France has long been admired for its gourmet food culture and the, seemingly contradictory, thin frames of its people. But, that's changing. Fast food is growing increasingly popular in the land of Le Cordon Bleu, and obesity rates are on the rise. Here, a brief guide:
What is happening?
France is becoming increasingly colonized by chain restaurants, from fast food joints like Subway and McDonald's to more upscale sit-down franchises like a steakhouse called Hippopotamus, now make up 20 percent of the country's restaurant sales. Mon dieu! The news comes as France, long thought of as a nation of annoyingly petite people who eat cheese and drink wine without consequence, is experiencing a rise in obesity. Nearly 14 percent of French adults are now obese, up from 8 percent a decade ago. By comparison, one out of three American adults is considered obese.
Are chain restaurants to blame?
In part. Urbanization and globalization — and the McDonald's that come with them — have led many French to abandon traditionally healthy eating habits. For generations, France's focus on food and the mealtime ritual helped shield people from obesity, says Dr. Jean Marc Catheline, as paraphrased at NPR. Now, young people aren't learning to cook; they're eating meals quickly and on the go, and downing soda by the liter. "The un-French habit of eating anywhere, anytime, seems to be catching on in France, especially with young people," says Eleanor Beardsley at NPR. As in the U.S., obesity rates are higher among poor people.
Is fast food that popular in France?
Surprisingly, the country is the No. 2 consumer of McDonald's fare in the world. McD's is expanding its operations in France in the next year, offering French-style breakfasts with bread, butter, and jam and baguette sandwiches. "We are part of French people's everyday life," says Mathilde Visseyrias, VP of McDonald's France and Southern Europe, in TIME. "Our priority is to integrate ourselves locally and to give a French touch to our original offer of hamburgers and ice cream."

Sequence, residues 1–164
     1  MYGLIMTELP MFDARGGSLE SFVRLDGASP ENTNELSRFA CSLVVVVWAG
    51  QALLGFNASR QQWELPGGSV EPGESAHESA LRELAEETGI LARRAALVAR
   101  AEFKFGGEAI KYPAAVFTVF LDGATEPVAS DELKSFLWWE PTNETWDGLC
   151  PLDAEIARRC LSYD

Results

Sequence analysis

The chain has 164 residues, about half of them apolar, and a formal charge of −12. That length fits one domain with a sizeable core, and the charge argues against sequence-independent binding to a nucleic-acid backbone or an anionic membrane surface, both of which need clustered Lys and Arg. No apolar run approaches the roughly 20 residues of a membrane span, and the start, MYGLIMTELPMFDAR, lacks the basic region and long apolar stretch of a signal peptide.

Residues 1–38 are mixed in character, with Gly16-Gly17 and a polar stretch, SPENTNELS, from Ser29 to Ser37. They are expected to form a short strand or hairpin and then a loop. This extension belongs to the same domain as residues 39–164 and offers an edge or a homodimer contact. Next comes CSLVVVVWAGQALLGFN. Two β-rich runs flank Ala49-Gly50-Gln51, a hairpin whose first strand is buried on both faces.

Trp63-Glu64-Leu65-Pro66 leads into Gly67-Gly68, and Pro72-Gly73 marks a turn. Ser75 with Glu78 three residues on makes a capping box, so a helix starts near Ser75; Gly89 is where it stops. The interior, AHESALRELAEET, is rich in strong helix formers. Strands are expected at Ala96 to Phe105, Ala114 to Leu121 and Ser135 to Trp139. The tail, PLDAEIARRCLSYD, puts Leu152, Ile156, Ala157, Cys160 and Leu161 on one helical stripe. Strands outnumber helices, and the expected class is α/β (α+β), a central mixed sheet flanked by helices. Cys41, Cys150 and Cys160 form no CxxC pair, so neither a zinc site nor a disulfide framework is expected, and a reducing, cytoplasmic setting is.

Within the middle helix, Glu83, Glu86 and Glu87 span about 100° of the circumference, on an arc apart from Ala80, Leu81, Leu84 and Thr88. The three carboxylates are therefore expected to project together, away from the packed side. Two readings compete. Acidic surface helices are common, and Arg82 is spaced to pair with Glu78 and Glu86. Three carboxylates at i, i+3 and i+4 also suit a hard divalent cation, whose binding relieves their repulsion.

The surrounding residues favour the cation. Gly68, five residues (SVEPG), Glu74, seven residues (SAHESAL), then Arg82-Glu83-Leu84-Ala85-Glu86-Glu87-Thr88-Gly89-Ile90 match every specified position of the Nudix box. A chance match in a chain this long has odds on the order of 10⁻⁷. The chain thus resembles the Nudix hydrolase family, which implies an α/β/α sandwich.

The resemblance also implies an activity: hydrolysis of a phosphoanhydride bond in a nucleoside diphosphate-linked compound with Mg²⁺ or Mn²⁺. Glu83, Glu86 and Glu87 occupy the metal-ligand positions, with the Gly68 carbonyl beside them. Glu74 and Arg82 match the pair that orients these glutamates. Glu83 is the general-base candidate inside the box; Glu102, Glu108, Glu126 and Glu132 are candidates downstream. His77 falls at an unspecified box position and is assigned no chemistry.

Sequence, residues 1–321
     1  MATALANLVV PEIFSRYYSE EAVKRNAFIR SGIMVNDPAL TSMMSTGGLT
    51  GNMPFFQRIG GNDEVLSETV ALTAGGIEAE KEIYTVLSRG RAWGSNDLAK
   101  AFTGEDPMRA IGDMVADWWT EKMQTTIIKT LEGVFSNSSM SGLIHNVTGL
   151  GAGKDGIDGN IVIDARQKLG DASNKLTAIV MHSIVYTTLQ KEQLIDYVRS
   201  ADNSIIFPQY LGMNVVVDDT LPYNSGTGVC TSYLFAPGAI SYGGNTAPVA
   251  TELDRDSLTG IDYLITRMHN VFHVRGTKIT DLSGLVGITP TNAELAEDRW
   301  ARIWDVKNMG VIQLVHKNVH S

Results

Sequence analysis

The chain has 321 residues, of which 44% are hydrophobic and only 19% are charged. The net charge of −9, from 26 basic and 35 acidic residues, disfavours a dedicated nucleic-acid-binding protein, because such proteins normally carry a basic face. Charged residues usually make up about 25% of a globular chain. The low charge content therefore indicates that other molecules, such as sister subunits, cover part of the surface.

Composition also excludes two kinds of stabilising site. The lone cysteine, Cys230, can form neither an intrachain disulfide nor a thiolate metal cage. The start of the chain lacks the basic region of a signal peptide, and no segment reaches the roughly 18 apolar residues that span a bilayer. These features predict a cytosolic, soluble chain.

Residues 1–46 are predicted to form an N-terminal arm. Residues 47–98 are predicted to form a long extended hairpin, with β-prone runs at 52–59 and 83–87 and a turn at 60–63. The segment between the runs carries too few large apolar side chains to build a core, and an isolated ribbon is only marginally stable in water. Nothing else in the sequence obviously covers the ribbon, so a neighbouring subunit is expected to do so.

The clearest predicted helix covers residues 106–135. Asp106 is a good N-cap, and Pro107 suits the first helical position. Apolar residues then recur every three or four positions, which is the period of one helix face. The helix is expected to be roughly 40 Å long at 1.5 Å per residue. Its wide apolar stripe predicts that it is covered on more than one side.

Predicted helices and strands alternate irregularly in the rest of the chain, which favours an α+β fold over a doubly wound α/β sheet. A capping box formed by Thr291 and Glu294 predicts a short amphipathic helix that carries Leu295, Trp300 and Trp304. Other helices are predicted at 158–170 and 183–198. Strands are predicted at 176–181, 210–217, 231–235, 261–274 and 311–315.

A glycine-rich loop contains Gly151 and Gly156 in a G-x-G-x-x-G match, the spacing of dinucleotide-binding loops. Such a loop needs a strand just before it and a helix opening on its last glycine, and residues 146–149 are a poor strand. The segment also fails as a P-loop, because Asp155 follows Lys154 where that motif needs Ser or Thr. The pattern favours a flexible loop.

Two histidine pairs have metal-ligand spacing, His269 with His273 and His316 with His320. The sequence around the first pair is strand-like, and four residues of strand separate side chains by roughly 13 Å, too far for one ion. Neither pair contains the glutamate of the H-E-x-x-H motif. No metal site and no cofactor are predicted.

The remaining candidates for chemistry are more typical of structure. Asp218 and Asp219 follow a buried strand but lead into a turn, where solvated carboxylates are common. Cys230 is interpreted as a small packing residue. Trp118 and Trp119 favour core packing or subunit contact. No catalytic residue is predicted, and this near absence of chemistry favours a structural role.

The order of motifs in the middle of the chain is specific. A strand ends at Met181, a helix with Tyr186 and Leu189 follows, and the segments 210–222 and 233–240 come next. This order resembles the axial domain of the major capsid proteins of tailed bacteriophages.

Why are chain restaurants succeeding in the land of food snobbery?
The 2008 financial crisis hit independent establishments hard. Chain restaurants also typically operate seven days a week, while many independent establishments do not. They are also cheaper, and, during his presidency, Jacques Chirac harshly criticized "la male bouffe" (the bad grub) served in chain restaurants, which may have inadvertently lent them a cool factor.
Is anything being done to fight the bulge?
Yes, under a national obesity plan, vending machines have been taken out of French schools and ads air on television encouraging the populace to eat right, take the stairs, and avoid nibbling between meals.
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